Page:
Major tips to grow hanging plants
1.Selection of containers
2.selection of media
3.Selection of plants
4.Care and Maintainace of hanging plants.
1.SELECTION OF CONTAINERS /HANGING POT
Hanging baskets are plants placed in a structure that is suspended from chains, ropes, or other materials. They are primarily decorative plants around homes and other structures. They allow homes with limited garden space to still have fresh-grown living plants and flowers. The baskets themselves are usually made of wire and filled with a substance like a growing medium. Hanging baskets come in a wide variety of styles and examples, from store-bought baskets to homemade baskets such as upside-down clay pots.
The traditional hanging basket is a simple suspended container used for growing decorative plants. Typically they are hung from buildings, where garden space is at a premium, and from street furniture for environmental enhancement. One type of hanging basket is the inverted planter where plants are grown in an upside down pot and are watered from the top
hanging baskets are a great place to get creative; if you choose to make the basket yourself, you could do anything from planting up a watering can, to hanging a few colanders up together containing small, flowering plants!
But whatever material you choose to use, the size of the basket is really important. A basket that’s too small for your plants will need regular watering and pruning. The bigger the basket the better in this instance, as a bigger basket leads to higher water retention which means less maintenance and greater opportunity for bigger and more vibrant plants.
It helps if you have a particular plant in mind before deciding what size to go for, because then you can suit the basket to the flower, instead of the flower to the basket.tainers or pots.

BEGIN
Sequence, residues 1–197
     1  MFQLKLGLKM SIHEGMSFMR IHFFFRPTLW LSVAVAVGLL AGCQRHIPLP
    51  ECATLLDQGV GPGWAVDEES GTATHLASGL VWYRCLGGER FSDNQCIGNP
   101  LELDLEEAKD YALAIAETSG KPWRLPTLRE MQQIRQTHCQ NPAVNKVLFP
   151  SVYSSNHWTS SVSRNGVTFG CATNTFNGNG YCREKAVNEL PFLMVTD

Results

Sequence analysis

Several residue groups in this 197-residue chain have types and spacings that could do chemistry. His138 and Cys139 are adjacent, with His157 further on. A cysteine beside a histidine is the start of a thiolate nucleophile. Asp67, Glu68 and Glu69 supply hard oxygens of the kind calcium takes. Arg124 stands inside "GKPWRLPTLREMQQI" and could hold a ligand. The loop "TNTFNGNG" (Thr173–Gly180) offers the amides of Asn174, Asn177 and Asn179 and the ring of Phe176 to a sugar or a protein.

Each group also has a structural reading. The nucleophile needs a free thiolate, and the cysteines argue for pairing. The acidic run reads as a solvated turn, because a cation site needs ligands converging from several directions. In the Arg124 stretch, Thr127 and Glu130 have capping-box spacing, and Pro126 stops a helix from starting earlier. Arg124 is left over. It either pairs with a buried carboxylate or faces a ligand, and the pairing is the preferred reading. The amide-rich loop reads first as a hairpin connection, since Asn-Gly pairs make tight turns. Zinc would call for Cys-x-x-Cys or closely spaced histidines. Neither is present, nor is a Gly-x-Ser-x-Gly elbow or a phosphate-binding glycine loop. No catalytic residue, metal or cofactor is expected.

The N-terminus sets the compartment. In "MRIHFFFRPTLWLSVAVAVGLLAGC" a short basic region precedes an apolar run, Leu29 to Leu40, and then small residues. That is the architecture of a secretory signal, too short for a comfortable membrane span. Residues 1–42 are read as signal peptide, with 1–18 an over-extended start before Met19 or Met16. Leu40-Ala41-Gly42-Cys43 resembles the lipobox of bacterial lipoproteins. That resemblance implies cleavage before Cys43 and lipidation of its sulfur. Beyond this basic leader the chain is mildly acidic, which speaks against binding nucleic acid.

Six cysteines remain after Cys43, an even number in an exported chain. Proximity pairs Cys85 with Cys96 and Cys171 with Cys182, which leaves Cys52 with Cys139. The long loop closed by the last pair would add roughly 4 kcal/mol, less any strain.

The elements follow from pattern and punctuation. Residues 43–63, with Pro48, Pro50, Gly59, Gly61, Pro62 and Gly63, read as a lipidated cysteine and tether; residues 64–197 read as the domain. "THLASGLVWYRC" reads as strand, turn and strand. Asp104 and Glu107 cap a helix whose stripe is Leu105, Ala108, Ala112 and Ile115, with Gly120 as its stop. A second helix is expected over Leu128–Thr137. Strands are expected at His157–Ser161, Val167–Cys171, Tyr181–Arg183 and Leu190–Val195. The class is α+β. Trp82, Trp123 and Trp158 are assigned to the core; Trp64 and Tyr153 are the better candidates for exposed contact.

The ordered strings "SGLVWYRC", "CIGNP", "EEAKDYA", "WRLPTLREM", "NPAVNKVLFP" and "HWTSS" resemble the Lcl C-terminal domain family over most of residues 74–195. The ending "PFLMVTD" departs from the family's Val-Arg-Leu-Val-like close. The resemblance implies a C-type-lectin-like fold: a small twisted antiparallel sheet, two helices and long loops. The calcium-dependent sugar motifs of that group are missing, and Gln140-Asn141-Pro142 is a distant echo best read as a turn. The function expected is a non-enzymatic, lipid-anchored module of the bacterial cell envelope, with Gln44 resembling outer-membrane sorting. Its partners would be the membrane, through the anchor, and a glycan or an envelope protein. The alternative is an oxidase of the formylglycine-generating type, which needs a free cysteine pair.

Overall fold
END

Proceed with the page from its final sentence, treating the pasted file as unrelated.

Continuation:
A lightweight potting mix is needed for container gardening. Soil-less planting mixes provide excellent drainage, aeration, and water-holding capacity than ordinary garden soil cannot supply. Drainage is essential so that the planting mix will not become water-logged.
3.BEST HANGING PLANT
4.Chinese money plant
7.Flame violet plant
8.Purple bell flower
3.PLANTING OF HANGING PLANTS
Once you have selected and fitted your liner, it’s time to start placing in the soil. Make sure the first layer of soil is between four and five inches above the base of the basket, then pad it down firmly to provide a solid background.
Some gardeners like to insert a drainage pipe into their basket in order to evenly distribute air and water. If you are going to do this, make sure that you leave three or four inches of soil between the bottom of the pipe and the base of the basket. Otherwise, water will just drain straight through the basket and onto the ground!
Once your soil and drainage are in place, put the bulbs of your desired plants into the base of the basket, just below the soil. Make small incisions to your liner if needed, but be aware not to make an incision that’s too big, otherwise, too much soil may spill out when watering.
4.CARE AND MAINTAINIANCE
Water often and thoroughly. Plants in containers generally need to be watered more often than if they were growing in the ground. This is especially true for hanging baskets because they are subject to drying winds. Reach up and lift the pot from below; if it feels light, it probably needs water. Put your finger one inch into the soil; if it is dry at that depth, water. In most areas, you should expect to water hanging plants everyday, or even twice a day. Water should stream from the drainage holes when you water.
Deadhead blooming plants. As flowers fade and die, remove them by pinching them off where they meet the stem. This promotes the formation of new flowers. Otherwise, the plant may put its energy into creating seeds.
In a mixed basket, replace plants as needed. Don’t be afraid to remove a plant from a mixed planting if it has finished blooming. Ease it out, being careful of the other plants, and replace it with something else. Alternatively, plug the space with more soil and allow the other plants to fill the gap.
Fertilize. Because you’ll be watering frequently, nutrients will leave the potting mix quickly. Feed the plants with liquid fertilizer or a dry slow-release fertilizer (not both). Follow the directions for amount and frequency. Feed when the soil is moist, and never when plants are wilting.
If necessary, soak. If water streams from the drainage holes but the soil still seems dry, try submerging the pot in a bucket of water for up to an hour. This will thoroughly rewet the soil.
Cut back leggy plants. If the plants start to look straggly, don’t be afraid to cut them back. Most common hanging plants, such as verbena, petunias, and impatiens, will produce denser new growth.